I haven’t taught in more than twenty years, but I think about classrooms all the time. I’ve decided there are two ways to teach.
Focus on the answers.
Or focus on the students.
Either way earns the same paycheck.
I once worked with an English teacher who was a fascinating person but gave mind-numbing tests and assignments. She bragged about her multi-paged exams that were a snap to grade. They read, as one colleague joked: The ____ of the ____ is the ____.
“Does that tell you if they really understand Shakespeare?” I asked her.
She shrugged and said, “At least they’ve read it.” But I knew many of them hadn’t. Secretly they read Cliffs Notes to grasp the plot points for daily quizzes. Then, prior to the test, they memorized all her classroom pronouncements: “The three themes in Hamlet are….”
No muss no fuss.
I saw the effects of breezy teaching on Maggie when she entered first grade and brought home the Power Book, announcing it was her nightly homework and had to be done at a desk with a lamp. Faithfully she set up shop at my grandparents’ hundred-year-old radio stand upon arrival from school each day. Every page had an illustrated three-sentence story with three follow-up questions to be written precisely like the sentences. It went something like this:
Jenny likes apples.
Jenny climbs the apple tree.
Jenny picks four apples.
What does Jenny like?
What does Jenny climb?
How many apples does Jenny pick?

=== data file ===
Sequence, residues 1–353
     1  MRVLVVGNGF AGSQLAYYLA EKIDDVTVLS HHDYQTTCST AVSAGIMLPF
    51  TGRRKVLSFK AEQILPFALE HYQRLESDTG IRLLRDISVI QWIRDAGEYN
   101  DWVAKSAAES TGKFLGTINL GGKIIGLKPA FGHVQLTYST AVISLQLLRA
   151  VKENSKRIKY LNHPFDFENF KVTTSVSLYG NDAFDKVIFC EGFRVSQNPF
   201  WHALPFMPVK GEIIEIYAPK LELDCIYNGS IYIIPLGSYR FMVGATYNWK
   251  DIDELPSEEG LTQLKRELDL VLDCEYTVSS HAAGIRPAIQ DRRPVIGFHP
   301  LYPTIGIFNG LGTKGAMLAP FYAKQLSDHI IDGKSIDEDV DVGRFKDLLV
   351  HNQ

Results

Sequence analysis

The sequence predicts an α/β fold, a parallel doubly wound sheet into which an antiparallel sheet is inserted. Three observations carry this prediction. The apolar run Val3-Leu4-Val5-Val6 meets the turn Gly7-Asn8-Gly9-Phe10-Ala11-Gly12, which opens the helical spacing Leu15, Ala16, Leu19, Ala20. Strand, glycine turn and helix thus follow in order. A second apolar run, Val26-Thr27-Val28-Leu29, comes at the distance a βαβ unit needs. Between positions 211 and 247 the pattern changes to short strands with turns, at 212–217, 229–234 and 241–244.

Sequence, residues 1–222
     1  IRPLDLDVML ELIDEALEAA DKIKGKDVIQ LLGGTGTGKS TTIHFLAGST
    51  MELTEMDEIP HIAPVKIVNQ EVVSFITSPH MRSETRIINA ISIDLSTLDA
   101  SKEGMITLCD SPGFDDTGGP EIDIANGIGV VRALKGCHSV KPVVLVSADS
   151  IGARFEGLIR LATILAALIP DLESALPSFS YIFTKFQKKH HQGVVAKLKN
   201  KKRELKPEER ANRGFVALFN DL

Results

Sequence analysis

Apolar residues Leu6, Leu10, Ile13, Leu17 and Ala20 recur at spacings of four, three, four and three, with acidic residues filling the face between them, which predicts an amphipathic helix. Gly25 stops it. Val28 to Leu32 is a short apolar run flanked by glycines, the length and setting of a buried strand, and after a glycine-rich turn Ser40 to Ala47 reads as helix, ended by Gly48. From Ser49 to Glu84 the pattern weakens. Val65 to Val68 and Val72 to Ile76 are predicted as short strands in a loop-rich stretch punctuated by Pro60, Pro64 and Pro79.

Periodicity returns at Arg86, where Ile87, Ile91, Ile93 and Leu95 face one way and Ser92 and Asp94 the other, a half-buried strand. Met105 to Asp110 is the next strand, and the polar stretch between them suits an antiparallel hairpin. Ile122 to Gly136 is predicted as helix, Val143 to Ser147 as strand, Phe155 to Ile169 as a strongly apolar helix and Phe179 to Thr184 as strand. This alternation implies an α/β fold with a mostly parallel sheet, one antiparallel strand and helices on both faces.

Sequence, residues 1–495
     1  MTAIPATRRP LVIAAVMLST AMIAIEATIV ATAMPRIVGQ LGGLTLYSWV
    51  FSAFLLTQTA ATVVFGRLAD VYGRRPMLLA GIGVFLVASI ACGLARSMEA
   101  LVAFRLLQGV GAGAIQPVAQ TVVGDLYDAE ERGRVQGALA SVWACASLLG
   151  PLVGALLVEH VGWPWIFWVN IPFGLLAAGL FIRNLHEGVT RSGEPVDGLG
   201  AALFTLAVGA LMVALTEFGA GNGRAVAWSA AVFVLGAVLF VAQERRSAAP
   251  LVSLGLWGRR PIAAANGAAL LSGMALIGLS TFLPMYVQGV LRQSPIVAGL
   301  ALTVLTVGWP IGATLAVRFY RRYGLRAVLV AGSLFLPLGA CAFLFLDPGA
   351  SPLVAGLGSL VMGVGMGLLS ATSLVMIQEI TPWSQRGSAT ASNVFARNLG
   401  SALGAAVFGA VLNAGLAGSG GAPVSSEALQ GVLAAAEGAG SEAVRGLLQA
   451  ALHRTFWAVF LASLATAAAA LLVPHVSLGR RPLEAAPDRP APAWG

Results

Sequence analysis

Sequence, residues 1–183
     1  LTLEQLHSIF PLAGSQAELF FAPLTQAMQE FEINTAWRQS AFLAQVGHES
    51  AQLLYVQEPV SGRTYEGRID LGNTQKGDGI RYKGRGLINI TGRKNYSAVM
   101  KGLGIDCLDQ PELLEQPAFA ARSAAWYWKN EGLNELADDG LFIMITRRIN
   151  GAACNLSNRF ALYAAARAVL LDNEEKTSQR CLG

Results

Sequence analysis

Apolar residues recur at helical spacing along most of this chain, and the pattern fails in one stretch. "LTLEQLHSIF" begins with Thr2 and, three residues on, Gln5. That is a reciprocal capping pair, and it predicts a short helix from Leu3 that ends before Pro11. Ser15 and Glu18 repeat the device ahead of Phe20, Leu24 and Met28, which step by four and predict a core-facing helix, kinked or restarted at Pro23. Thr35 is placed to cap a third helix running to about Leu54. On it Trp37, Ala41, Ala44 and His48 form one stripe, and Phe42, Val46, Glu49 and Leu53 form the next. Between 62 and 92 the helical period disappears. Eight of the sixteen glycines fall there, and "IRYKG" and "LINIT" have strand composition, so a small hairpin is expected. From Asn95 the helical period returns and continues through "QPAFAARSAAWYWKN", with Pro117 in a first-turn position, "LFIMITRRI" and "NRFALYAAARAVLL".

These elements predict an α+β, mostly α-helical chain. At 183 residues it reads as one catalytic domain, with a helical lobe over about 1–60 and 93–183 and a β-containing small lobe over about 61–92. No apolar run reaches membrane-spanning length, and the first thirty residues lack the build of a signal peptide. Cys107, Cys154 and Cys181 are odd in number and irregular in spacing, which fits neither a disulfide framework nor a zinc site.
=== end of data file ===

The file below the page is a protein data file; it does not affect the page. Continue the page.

By Thanksgiving, she’d stacked up perfect scores but complained about the monotony of these stories, pointing out they weren’t really stories at all. Keep in mind, this was a girl who, at three years old, pointed to punctuation marks on the page of the picture book I was reading to her and asked, “What are these things?” One night when she was five, she interrupted my reading aloud and flipped several pages back and forth, asking, “Wouldn’t it better if this picture came before that one?” She was absolutely right. She also liked creating different endings to her favorite books.
“She has the stuff of an English major,” I told Cliff early on.
So we were devastated that her classroom language arts program was an annoying grind that overlooked any sense of independent thinking or imagination. Because of his administrative role at the school, he suggested I speak with the teacher about our concerns and a possible approach to re-engage her mind.
I met with the teacher and proposed that Maggie write her own scenario with an illustration and questions. I assured him she was capable of writing more than three sentences. He stared at me and said that would be inappropriate because it wasn’t the point of the program. There would be no way to assess her work because she couldn’t be adequately compared to her classmates. “How would we determine her reading level?” he asked.
I recently asked Maggie what she remembered about the Power Book. She said, “It was the first time I understood why people hate school.”
So there you have it.
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